While wood pellets are made of real wood, they are a processed form of wood, and therefore they behave differently. For instance, when an unprocessed piece of wood gets wets it will swell but not lose its form. However, if wood pellets get wet, they lose their form completely, and return back to the raw material they were produced from, sawdust. Therefore, the question of should you leave pellets in the hopper of a pellet grill/smoker is about concerns over moisture/humidity. In other words, will leaving pellets in the hopper leave them exposed to moisture leading to going bad? With the lid down on the hopper, you may not think so, and that can be true in some cases. However, as a general rule can/should you leave wood pellets in the hopper indefinitely? No. But depending on where you live and the time of year, the risk to the pellets from moisture does vary.
Not many people would describe BBQ wood pellets as ‘cheap’. Therefore, you want to protect them from moisture. But does that mean you should empty your hopper after every use? Not necessarily: Image – Amazon.com
Disclaimer: Hey! By the way… any links on this page that lead to products on Amazon or other sites are affiliate links and I earn a commission if you make a purchase.
The fact that wood pellets readily and easily absorb moisture is what makes them such good animal bedding. However, when it comes to your pellet grill/smoker the moisture absorbency of wood pellets is not a good thing. Therefore, you have to respect the risks of moisture to not only protect your wood pellets, but to protect your pellet grill/smoker. As I’ve previously written about in my Traeger auger blockage/repair post. If water gets into the hopper and pellets are there to absorb that moisture, its probably going lead to some problems. As wood pellets absorb moisture, they expand, considerably. Hence, they can lock up and auger nice and tight. In most cases, it won’t break the auger. However, you’ll have to spend a good amount of time cleaning it out before you can use the grill/smoker again.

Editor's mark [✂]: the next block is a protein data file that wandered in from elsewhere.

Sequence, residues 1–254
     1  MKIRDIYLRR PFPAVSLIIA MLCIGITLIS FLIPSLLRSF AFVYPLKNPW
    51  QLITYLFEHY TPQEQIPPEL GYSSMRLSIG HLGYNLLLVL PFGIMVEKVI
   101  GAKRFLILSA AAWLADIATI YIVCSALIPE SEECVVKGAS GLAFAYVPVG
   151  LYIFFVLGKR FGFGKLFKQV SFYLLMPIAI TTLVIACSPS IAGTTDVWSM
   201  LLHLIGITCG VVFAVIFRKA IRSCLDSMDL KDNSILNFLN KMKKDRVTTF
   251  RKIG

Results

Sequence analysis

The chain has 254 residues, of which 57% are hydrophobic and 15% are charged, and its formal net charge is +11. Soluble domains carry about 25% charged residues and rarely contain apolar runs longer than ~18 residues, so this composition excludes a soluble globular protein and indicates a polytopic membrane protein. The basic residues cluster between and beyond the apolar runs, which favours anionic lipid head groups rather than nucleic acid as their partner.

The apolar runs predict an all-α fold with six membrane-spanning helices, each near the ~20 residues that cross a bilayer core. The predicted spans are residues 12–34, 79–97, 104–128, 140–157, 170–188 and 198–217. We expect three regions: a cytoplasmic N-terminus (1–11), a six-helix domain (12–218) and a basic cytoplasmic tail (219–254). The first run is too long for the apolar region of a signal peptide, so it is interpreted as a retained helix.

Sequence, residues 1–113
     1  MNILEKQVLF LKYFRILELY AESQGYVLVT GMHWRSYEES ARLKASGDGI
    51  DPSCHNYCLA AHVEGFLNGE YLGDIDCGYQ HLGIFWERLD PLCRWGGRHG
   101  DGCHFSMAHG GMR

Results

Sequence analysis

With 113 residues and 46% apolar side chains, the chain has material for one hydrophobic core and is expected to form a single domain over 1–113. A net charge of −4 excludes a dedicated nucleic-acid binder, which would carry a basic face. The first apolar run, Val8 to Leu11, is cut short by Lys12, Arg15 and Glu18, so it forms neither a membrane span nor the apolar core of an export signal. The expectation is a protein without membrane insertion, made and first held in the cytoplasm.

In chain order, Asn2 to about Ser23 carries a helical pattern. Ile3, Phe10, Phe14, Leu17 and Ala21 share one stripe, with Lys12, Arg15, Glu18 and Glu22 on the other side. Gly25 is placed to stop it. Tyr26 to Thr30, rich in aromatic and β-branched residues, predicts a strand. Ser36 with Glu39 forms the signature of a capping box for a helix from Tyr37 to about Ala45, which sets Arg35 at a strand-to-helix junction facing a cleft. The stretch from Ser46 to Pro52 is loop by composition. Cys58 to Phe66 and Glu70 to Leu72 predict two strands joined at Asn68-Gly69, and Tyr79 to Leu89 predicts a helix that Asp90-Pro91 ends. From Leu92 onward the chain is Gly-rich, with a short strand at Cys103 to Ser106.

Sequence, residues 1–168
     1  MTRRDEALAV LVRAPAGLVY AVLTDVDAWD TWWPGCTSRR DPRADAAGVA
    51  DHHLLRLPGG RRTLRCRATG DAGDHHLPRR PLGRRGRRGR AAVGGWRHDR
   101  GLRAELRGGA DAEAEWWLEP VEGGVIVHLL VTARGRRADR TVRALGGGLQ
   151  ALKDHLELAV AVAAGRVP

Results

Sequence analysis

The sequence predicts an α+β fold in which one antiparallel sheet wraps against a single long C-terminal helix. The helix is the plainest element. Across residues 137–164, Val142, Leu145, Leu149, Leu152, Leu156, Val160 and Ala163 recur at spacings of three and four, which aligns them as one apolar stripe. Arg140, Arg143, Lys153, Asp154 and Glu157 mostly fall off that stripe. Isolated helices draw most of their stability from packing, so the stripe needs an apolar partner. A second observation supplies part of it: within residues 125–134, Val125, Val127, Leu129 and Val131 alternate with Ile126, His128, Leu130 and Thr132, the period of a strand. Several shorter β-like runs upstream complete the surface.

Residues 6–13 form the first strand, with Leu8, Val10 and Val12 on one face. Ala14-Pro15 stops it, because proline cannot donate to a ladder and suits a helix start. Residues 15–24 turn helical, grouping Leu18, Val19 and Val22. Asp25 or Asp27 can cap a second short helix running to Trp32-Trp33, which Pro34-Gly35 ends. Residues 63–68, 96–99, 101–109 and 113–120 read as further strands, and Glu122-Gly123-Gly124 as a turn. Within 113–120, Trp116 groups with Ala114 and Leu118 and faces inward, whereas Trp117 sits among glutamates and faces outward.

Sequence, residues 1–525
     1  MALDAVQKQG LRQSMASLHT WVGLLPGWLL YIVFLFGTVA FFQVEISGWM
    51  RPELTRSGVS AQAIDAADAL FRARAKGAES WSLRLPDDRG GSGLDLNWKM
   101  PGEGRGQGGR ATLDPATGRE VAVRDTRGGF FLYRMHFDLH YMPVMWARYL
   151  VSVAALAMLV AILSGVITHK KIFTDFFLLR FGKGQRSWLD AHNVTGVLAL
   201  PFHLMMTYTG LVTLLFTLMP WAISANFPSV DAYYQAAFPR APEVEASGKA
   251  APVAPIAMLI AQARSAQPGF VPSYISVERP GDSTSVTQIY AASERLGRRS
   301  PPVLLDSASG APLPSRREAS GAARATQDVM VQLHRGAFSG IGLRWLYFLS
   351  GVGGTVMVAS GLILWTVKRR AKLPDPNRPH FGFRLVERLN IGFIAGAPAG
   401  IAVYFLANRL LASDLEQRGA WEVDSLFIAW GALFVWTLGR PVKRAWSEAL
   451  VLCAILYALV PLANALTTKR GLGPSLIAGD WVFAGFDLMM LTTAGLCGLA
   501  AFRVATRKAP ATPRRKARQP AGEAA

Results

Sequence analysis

Leaving Wood Pellets In The Hopper (Official Advice)
So before I provide my own thoughts and opinions on leaving wood pellets in the hopper of pellet grills and smokers, I thought I would quote some of the official advice. Below are extracts from the two most popular pellet grill brands websites of Traeger and Pit Boss on their official advice.
So as you will notice from the two above quotes, there is a bit of a difference in the two pieces of advice. Where Pit Boss is requesting that their customers empty their pellet hoppers after ‘each cook’, Traeger is stating that their customers should empty the hopper if the grill is left for ‘more than week’. So which is it, who is providing the best advice here? Is Pit Boss being over cautious or is Traeger presuming too much? Well, its both really.
Time of Year and General Climate
If we are talking about the summer months and a dry ambient climate you could potentially leave the pellets in the hopper for even longer than a week and you wouldn’t experience any issues. In this scenario, we are talking about very little to any rain and very low humidity. However, to be on the safe side, even under these weather conditions I would personally still stick to Traeger’s advice and not leave the wood pellets in the hopper for more than a week.